Speaker Spotlight: Chimamanda Ngozi Adichie

We are excited to welcome Chimamanda Ngozi Adichie as the second speaker of our 2017 series, Undercurrent. Adichie is a Hopkins alumna who received a master's in Writing Seminars and an honorary degree recipient in 2016. She is also a MacArthur Genius Grant recipient and author of the acclaimed novels including Purple Hibiscus, Half of a Yellow Sun, and Americanah. She will be joining us at Shriver; doors open at 7:30 PM.



In 2016, Adichie was one of eight recipients of an honorary degree during the Johns Hopkins commencement.

In 2016, Adichie was one of eight recipients of an honorary degree during the Johns Hopkins commencement.

TED Talk: "We Should All Be Feminists"

This TED Talk presented by Adichie in 2013 quickly went viral all over social network and media. Adichie presents an impassioned case for gender equality and the idea that activism and feminism is something everyone should participate in. Here are some of the key quotes of the talk:

Culture does not make people. People make culture. If it is true that the full humanity of women is not our culture, then we can and must make it our culture.
Some people ask: ‘Why the word feminist? Why not just say you are a believer in human rights, or something like that?’ Because that would be ... a way of pretending that it was not women who have, for centuries, been excluded. It would be a way of denying that the problem of gender targets women.
I have chosen to no longer be apologetic for my femaleness and my femininity. And I want to be respected in all of my femaleness because I deserve to be.
And then we do a much greater disservice to girls, because we raise them to cater to the fragile egos of males. We teach girls to shrink themselves, to make themselves smaller. We say to girls: You can have ambition, but not too much. You should aim to be successful but not too successful, otherwise you will threaten the man. If you are the breadwinner in your relationship with a man, pretend that you are not, especially in public, otherwise you will emasculate him.
My own definition is a feminist is a man or a woman who says, yes, there’s a problem with gender as it is today and we must fix it, we must do better. All of us, women and men, must do better.

Feature in Beyoncé's ***Flawless

And how could we ever forget Adichie's fabulous feature in Beyoncé's song that grasped the attention of pop culture and media everywhere.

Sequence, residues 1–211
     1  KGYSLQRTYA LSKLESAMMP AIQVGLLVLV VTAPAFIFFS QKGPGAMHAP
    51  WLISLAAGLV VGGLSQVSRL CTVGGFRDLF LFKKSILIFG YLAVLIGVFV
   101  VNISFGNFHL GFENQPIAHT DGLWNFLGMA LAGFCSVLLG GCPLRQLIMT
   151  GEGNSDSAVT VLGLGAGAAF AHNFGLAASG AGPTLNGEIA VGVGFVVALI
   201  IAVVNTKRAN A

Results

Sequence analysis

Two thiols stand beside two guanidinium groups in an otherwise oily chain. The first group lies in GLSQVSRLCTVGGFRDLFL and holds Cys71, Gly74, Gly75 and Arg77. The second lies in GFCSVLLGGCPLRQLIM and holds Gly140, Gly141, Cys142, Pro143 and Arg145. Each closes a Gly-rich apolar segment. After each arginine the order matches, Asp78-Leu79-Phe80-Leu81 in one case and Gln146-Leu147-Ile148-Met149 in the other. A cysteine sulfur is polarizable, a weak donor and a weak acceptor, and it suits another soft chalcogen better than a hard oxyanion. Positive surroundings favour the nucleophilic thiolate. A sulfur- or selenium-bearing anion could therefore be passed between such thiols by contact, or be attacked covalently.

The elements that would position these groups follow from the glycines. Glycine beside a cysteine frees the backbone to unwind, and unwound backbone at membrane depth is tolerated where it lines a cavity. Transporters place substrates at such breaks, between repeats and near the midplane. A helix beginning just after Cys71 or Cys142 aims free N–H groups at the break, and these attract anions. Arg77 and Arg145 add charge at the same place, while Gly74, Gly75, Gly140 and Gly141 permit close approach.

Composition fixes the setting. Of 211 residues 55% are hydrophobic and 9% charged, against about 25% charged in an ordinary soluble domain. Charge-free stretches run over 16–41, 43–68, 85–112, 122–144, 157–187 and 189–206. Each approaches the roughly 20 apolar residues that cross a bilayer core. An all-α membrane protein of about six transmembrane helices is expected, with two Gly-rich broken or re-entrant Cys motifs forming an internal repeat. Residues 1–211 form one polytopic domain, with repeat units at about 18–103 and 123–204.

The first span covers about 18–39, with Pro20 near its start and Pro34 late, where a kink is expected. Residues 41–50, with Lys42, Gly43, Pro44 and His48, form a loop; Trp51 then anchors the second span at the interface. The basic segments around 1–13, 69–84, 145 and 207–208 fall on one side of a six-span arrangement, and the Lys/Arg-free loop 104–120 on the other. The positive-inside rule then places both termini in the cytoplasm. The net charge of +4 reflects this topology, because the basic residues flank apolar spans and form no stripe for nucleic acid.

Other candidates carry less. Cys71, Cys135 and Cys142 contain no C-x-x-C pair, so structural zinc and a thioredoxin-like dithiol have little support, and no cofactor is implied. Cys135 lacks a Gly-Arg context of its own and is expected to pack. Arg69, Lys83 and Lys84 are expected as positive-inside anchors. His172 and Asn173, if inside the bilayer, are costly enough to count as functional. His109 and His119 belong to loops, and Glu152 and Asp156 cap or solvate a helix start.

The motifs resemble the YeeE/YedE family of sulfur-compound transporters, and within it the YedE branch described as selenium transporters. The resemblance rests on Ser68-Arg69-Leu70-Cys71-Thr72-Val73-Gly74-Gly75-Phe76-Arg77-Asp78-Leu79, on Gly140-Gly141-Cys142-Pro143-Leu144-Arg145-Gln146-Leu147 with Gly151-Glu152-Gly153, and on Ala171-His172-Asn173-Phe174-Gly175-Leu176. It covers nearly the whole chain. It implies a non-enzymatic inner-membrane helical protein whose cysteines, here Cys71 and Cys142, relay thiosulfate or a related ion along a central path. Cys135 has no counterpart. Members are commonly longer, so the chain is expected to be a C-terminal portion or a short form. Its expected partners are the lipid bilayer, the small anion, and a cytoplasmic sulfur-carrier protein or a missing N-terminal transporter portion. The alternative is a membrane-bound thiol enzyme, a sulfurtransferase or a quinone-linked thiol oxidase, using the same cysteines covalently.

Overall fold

For The New Yorker: "Now is the Time to Talk About What We Are Actually Talking About"

Image courtesy of The New Yorker

Image courtesy of The New Yorker

Now is the time to resist the slightest extension in the boundaries of what is right and just. Now is the time to speak up and to wear as a badge of honor the opprobrium of bigots. Now is the time to confront the weak core at the heart of America’s addiction to optimism; it allows too little room for resilience, and too much for fragility. Hazy visions of “healing” and “not becoming the hate we hate” sound dangerously like appeasement. The responsibility to forge unity belongs not to the denigrated but to the denigrators. The premise for empathy has to be equal humanity; it is an injustice to demand that the maligned identify with those who question their humanity.

BBC INterview: More On the Topic of Donald Trump's Election

Adichie continues to be an outspoken critic of Donald Trump and the rise of populism. During the 2016 election, she condemned his racist platform on television, sparking the ire of many.

New York Times Interview: On Beauty, Femininity, Feminism

Image courtesy of  NYT

Image courtesy of NYT

Interviewer: Will you continue to be a presence in the fashion world?

Adichie: If you were raised by Grace Adichie, my mother, you had better be interested in fashion. From the time I was a little girl, my mother would dress me up. She would put some of her jewelry on me. I’m a bit of a shoe fiend. I make no apologies for it. The first makeup I used was my mother’s lip gloss. I remember putting on a lot of it, so it was quite shiny. She didn’t mind at all. She said, “You look like you ate hot jollof rice and didn’t wipe it off.”

There’s a part of me that likes shoes, and likes dresses, and likes makeup, and likes books, and likes to write. I think that’s the case for many women. But our culture makes us think we have to choose slices of ourselves that we’re comfortable showing the world.